“Global Problems and Community Praxis” is the second annual conference – but the first in the United States – organized on that topic by the Center for Peace and Transcultural Communication, a collaboration between NIU and the University of Tetovo.
“We’re really excited. These are particularly timely issues these days,” said Patrick Roberts, a professor in the Department of Leadership, Educational Psychology and Foundations.
“Our key goal is to facilitate scholarly exchanges, to foster public awareness of global conflicts and to examine, ‘How can I make a difference in my local community? How does local action have global impacts?’ We want to broaden awareness of what the issues are.”
The conference, which will include four professors from Tetovo among the presenters, begins at 9 a.m. in the Barsema Alumni and Visitors Center, 231 N. Annie Glidden Road.
Keynote speaker James W. Pardew, a member of the Council on Foreign Relations, the U.S. ambassador to Bulgaria from 2002 to 2005 and the author of the 2017 book “Peacemakers: American Leadership and the End of Genocide in the Balkans,” will talk at 6 p.m. in the auditorium of Barsema Hall, 740 Garden Road. A reception begins at 5 p.m.
Both events are free and open to the public. Call (815) 753-9359 or email email@example.com for more information.
Roberts believes that people who attend, whether as participants or observers, will walk away with a clearer understanding of modern conflict and ways to resolve it from a “think globally and act locally” perspective.
Among the daytime presentation topics: “Does Torture Work: An Empirical Test Using Archival Data,” “The Balkans – A Matching Point of Two Controversy Theories,” “Migration as a Social Phenomenon and Refugees as a Contemporary Reality” and “The Politics of Food Diplomacy.”
Presenters also will discuss “Fleeing from Danger: Refugees’ Stories in Elementary School Classrooms,” “Religious Violence and Peacemaking: Rethinking Contemporary Conflicts,” “Between Mao and Gandhi: Social Structure and the Choice of Violent and Nonviolent Resistance,” “How Do We See Our Neighbors? Youth Inclusion, Participation, and Collaboration in Moldova” and “Sport for Development and Peace.”
Laura Ruth Johnson, a professor in the college’s Department of Educational Technology, Research and Assessment, believes the interdisciplinary nature of the presenters and topics will illuminate connections “between these different struggles, both globally and locally.”
“Many times, when we have these types of conferences, they just focus on one distinct area,” she said. “This conference represents areas from all over the university. The topic is very broad – it covers a lot of ground – and allows us to explore common and divergent interests.”
Johnson’s own work in Chicago’s Humboldt Park neighborhood provides a good example.
Her research studies civic engagement, community involvement and advocacy among Latino and African American youth, with a focus on young mothers, and sees a bridge to the University of Tetovo’s battle for justice in higher education.
Use of social media and other media, she added, is making the planet a smaller place.
“What happens in one place often resonates in other locales in terms of climate change, economic and food insecurity or fights for human rights and gender equity,” Johnson said. “The Me Too movement has resonated internationally.”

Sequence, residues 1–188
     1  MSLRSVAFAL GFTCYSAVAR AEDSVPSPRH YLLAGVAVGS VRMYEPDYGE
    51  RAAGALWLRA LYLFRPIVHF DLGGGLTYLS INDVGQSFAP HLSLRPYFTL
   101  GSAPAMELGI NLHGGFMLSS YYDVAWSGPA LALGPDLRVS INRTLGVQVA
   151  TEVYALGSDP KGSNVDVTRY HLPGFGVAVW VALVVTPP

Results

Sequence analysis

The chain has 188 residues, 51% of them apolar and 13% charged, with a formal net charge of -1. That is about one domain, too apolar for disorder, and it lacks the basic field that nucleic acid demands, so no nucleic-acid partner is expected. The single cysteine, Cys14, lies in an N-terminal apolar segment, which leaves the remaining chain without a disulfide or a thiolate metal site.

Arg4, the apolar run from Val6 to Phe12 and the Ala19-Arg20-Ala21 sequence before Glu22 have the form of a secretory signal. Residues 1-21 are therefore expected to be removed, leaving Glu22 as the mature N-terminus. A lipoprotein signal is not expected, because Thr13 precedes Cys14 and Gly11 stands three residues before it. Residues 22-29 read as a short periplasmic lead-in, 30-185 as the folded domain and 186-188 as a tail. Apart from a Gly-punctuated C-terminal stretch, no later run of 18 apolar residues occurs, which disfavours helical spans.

Emily McKee, a professor in the Department of Anthropology of the College of Liberal Arts and Sciences who holds a joint appointment with the Institute for the Study of the Environment, Sustainability and Energy, studies resource conflicts and environmental peacebuilding.
Her students, who are learning about access to clean water, climate change, fracking, mining and more, will participate with students of Department of Sociology Professor Laura Heideman in a roundtable discussion on conflict and peacebuilding.
McKee’s students learn about “conflicts that involve access to resources around the world. Resource conflicts and environmental peacebuilding are buzzwords that get thrown around, such as wars between two countries,” she said. “We explore some of these tropes that are not so easily pigeonholed as resource conflicts but built into other conflicts, such as social, religious and economic.”
The roundtable “is looking at our pedagogy and how we teach these courses,” she added.
During the roundtable, students will speak about their semester-long research projects on cases of resource conflict around the world and reflect on the impact that this engaged learning has had on them. “That’s relevant to them as they go on in their lives as citizens and in their careers,” McKee said. “I’m particularly excited about that.”
For his part, Roberts is excited by the potential for motivation, whether in DeKalb, Chicago or Macedonia.
“We don’t want be a conference where people just get up and read papers,” he said. “I’m hoping to learn how understanding becomes action and the strategies people employ. None of that can succeed if there aren’t people – communities – willing to put these principles and polices into action.”
The Center for Peace and Transcultural Communication was dedicated in 2015, when Acting NIU President Lisa Freeman visited the University of Tetovo. The center aims to foster better social platforms for younger generations and a better society.
A current exhibition in the College of Education’s Blackwell History of Education Museum tells the story of Tetovo through nearly 70 reproductions of photographs that depict the university’s tumultuous existence.